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  • Ryan Smith - Wednesday, March 19, 2014 - link

    It'll be interesting to see if Intel goes with the solder based TIM here, as the information implies. The paste has been fine for stock CPUs and I don't really expect to see solder TIM CPUs to overclock much better (see our IVB-E), but having lower temperatures would still be nice. Reply
  • Homeles - Thursday, March 20, 2014 - link

    Haswell appeared to suffer from both the die's distance from the IHS, and the continued use of thermal paste instead of solder. Perhaps Intel worked on both issues. Reply
  • chizow - Thursday, March 20, 2014 - link

    Exactly right, I have two 4770K rigs and never bothered to de-lid either of them because the results I have seen around the web post-delid seem to indicate no change in max overclock, just a pronounced 15-20C drop in operating temps under load. The main problem though with Haswell's high operating temps with the standard TIM is that it prevents you from really stress testing an overclock because the chip will start throttling.

    In any case, I am happy with both my 4770Ks, especially the 2nd one from Costa Rica. Hits 4.4GHz at 1.18V while the 1st one I bought at launch from Malay only does 4.2 at 1.24V. It can go up to 4.3 but requires 1.28V and temps jump up a ton, so not worth it. Didn't want to wait for this updated Haswell-K because of the new chipset requirement that isn't much of an upgrade and I needed a 2nd machine to replace my wife's aging X58 rig that was starting to have some EOL type issues.
  • munim - Wednesday, March 19, 2014 - link

    Knowing Intel's R&D budget, and considering I have already spend around $400 CAD on a 4770K, I'm irked. However, I'm happy that we made enough noise about it so as to lead to this development. Reply
  • MikeMurphy - Wednesday, March 19, 2014 - link

    Poor TIM requires beefier (more expensive) cooling systems which is a cost burden to the OEMs. In some cases, like many ultrabooks, the CPU speeds are even throttled despite such cooling. It's unforgivable that Intel has been doing this since IVB. Reply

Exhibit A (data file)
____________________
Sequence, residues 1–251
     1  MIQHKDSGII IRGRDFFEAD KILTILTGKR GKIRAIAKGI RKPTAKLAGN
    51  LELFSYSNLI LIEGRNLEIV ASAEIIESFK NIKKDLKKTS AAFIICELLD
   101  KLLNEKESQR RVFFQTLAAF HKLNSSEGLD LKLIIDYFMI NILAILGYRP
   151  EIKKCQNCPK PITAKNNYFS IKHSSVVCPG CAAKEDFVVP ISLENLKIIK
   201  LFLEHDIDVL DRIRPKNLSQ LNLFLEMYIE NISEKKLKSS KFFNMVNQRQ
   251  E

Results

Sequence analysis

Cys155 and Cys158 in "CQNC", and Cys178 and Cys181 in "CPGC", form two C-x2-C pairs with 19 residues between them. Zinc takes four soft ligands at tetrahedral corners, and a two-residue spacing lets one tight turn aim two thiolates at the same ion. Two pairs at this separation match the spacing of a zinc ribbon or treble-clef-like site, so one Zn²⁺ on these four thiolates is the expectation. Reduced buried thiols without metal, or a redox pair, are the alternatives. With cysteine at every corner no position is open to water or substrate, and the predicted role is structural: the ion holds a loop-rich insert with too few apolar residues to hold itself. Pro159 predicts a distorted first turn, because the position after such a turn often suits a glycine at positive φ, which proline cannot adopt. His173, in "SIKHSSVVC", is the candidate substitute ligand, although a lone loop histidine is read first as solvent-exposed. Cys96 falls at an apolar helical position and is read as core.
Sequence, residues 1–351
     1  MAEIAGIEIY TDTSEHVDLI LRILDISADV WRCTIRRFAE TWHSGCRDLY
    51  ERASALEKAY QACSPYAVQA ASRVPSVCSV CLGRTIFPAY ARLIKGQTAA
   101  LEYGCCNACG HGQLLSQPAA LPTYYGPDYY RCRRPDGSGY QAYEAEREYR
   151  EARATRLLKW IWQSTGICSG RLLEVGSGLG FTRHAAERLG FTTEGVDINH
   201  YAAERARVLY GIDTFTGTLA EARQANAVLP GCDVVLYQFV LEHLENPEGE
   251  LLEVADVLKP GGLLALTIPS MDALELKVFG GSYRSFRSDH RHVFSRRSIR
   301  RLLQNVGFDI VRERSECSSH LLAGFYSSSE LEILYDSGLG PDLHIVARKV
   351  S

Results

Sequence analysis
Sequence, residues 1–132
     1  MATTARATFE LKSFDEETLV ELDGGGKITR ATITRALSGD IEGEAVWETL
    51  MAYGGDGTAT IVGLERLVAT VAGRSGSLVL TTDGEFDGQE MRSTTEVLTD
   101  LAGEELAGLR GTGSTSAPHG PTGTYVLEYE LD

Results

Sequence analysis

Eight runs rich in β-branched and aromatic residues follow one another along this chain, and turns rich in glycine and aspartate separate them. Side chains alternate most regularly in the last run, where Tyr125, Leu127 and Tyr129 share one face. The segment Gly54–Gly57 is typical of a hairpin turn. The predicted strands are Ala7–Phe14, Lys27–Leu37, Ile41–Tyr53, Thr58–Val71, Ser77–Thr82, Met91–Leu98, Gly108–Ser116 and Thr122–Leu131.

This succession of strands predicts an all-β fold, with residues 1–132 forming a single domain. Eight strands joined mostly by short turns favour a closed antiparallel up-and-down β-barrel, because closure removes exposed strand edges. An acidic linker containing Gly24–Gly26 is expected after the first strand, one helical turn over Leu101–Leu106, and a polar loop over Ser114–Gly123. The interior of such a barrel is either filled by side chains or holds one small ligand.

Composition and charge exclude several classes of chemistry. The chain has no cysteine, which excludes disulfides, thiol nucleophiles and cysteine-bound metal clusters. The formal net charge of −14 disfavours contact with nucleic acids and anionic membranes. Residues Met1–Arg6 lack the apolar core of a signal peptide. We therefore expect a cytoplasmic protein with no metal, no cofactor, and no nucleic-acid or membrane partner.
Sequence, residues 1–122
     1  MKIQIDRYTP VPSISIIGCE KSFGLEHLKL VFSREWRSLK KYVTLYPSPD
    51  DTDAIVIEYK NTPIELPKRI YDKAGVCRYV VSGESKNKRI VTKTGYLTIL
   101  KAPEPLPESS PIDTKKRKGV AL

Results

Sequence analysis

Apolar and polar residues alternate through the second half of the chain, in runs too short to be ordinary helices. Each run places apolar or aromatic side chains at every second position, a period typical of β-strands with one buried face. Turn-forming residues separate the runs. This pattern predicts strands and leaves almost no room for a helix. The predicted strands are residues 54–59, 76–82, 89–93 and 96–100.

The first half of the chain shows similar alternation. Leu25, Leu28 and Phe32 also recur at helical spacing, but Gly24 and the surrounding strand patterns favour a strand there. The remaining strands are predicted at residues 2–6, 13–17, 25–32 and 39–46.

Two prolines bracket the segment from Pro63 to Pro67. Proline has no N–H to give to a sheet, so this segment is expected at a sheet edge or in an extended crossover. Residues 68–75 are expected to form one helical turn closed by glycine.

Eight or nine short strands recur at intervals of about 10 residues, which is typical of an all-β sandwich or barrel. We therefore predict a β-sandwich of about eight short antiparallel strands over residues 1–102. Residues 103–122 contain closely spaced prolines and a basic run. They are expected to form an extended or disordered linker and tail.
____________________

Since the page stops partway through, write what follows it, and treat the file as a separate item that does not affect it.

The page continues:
• extide - Wednesday, March 19, 2014 - link

    In laptops/ultrabooks there is no heatspreader, so this issue doesn't really apply to them. Reply
  • Homeles - Thursday, March 20, 2014 - link

    Laptops don't have heatspreaders. Reply
  • willis936 - Wednesday, March 19, 2014 - link

    The TIM quality myth was busted last year. There's a post floating around where someone did some science to show that IHS-die clearance is a much bigger factor than TIM choice. Delidding does increase OC headroom quite a bit. I got an extra 300MHz out of my 4770k. The heatsink is still cool to the touch even when the CPU is 70 degrees but you can't change the fact that dies are getting smaller and power consumption is staying roughly the same.

    A soldered die would be good to see because people started complaining when they moved away from that. Though even with a delidded CPU I only get 4.5GHz out of my 4770k. 4.5 without delidding is lucky with 4.8 being a good standard deviation above. Your haswell estimates are a little optimistic but engineering samples are always good chips so if that's all you have to go by that's fine. Also the OC headroom variance seems a lot bigger than ever with haswell. Hopefully these chips are all good picks.
  • V3ctorPT - Thursday, March 20, 2014 - link

    My 4770K can get up to 4.8Ghz until he starts to throttle down... I use it at 4.6Ghz, I never delidded it, with afraid of ruin it. And it's faster than my old 2600k@5Ghz.
    What I'm little upset is that the "new" cpu that has good TIM is only supported by the 9 series chipset. Are they kidding? It's the same socket for the Z87 and Z97, why does that cpu only work in a Z9 series?? $$$$ grabers...
  • willis936 - Thursday, March 20, 2014 - link